PlanPhilly

New path for Eastwick opens up one year after termination of urban-renewal agreement

It’s been one year since the Philadelphia Redevelopment Authority (PRA) gave the Eastwick community and environmental advocates new hope. On a rainy afternoon, two days before Christmas of 2015, the Redevelopment Authority's board voted unanimously to officially end the largest urban renewal project in the country, ending a process that started in 1961, encompassing 2,500 acres of land and four stages of development.

The Eastwick Friends and Neighborhood Coalition had been fighting since 2012 to stop redevelopment plans for more than 100 acres, including a new 722-unit apartment complex proposed by New Eastwick Corporation/Korman, a 1,000 car parking lot, and additional acres transferred to the Philadelphia International Airport.

Eastwick is within FEMA’s Special Hazard Area or 100-year floodplain, a high-risk flooding zone, and it was built on the Darby Creek’s marshlands. There used to be 6,000 acres of wetlands in this area, the John Heinz National Wildlife Refuge now protects less than 200. The marshland acts as a buffer that absorbs stormwater and purifies the Darby and Cobbs creeks before entering the Delaware. Residents feared the new development would leave the neighborhood with less permeable land and more density, which would only increase their already traumatic flooding problems and the potential contamination spread from two adjacent Superfund sites.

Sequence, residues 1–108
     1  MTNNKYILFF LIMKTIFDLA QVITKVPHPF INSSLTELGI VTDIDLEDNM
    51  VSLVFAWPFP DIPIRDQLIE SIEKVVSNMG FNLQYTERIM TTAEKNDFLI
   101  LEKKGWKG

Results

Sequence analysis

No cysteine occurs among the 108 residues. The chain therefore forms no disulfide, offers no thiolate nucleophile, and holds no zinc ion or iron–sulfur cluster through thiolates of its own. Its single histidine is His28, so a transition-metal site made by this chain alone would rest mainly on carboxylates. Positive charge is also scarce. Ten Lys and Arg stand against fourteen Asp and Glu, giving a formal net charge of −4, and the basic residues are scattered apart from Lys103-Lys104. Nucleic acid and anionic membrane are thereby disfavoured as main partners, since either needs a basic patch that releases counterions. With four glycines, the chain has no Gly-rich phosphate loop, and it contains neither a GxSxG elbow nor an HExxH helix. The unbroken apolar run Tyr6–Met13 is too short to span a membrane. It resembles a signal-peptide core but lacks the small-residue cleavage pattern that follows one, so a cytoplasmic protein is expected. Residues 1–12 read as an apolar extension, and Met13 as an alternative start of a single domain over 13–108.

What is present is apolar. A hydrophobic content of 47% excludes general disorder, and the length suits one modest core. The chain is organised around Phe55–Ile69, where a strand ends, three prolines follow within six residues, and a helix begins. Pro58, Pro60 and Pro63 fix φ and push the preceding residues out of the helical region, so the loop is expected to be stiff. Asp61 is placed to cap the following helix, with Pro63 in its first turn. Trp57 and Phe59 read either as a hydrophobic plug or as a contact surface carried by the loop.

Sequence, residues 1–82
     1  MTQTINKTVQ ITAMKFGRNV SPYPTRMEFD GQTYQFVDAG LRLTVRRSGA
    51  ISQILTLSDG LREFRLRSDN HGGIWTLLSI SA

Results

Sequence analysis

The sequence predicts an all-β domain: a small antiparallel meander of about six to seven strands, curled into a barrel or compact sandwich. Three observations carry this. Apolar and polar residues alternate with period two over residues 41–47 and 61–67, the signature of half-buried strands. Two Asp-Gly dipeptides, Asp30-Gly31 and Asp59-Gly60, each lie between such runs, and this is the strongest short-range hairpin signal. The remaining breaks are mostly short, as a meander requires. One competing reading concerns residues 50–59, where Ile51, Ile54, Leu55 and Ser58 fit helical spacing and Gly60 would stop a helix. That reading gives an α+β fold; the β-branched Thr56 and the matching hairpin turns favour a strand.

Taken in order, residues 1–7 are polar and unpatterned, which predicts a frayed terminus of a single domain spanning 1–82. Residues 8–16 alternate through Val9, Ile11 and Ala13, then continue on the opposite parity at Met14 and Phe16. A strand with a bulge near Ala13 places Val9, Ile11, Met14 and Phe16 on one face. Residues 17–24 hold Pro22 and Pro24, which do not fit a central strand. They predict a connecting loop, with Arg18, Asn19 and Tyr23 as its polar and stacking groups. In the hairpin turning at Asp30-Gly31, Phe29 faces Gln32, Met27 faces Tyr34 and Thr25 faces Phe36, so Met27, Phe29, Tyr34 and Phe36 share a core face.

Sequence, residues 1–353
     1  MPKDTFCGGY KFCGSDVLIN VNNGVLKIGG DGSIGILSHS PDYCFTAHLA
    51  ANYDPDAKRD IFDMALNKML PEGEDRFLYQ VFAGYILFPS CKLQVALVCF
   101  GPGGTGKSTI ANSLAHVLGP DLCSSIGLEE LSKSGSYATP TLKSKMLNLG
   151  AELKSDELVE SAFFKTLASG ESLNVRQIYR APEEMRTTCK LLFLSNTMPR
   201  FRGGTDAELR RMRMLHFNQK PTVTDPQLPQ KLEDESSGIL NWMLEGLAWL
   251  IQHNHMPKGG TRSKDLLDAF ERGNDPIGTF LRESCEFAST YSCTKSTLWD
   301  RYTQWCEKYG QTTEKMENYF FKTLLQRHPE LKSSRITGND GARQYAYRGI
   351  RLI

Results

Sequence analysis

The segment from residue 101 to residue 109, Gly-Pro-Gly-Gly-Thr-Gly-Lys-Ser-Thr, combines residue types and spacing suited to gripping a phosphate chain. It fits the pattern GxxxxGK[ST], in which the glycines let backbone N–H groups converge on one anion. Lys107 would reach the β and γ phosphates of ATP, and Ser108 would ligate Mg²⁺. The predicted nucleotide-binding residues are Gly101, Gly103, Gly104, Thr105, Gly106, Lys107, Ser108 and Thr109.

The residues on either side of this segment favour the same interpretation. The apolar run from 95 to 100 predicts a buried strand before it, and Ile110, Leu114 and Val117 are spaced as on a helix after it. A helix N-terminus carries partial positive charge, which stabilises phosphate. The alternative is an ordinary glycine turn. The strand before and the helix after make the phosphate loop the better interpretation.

The years-long fight ended with a victory for Eastwick neighbors. After decades of neglect, the PRA and the city committed to include Eastwick residents in a community-oriented planning process for their neighborhood. The resolution adopted by the PRA board on December 23, 2015, authorized the termination of the redevelopment agreement with New Eastwick Corporation and a $5 million settlement to take control back of the 135 undeveloped acres.

Now, a year later, PRA’s board approved a contract with Interface Studio, a Philadelphia-based urban planning studio to conduct a nine-month planning study for the Eastwick public land. Interface developed the Philadelphia Land Bank’s strategic plan and recently led a team of consultants to deliver baseline data to inform the city’s Rebuild initiative . According to a request for proposals (RFP), issued in August, the study will “lead to a preferred vision, development plan, and feasibility study for identified vacant land and buildings in Eastwick currently held by the PRA and School District of Philadelphia.”

A total of 29 contractors and subcontractors attended a pre-bid conference on September 15th or expressed an interest in bidding, but only eight submitted responses, according to PRA. The selection committee included representatives of PRA, Philadelphia City Planning Commission, the Office of Sustainability, Philadelphia International Airport, and two community representatives selected by District Councilman Kenyatta Johnson.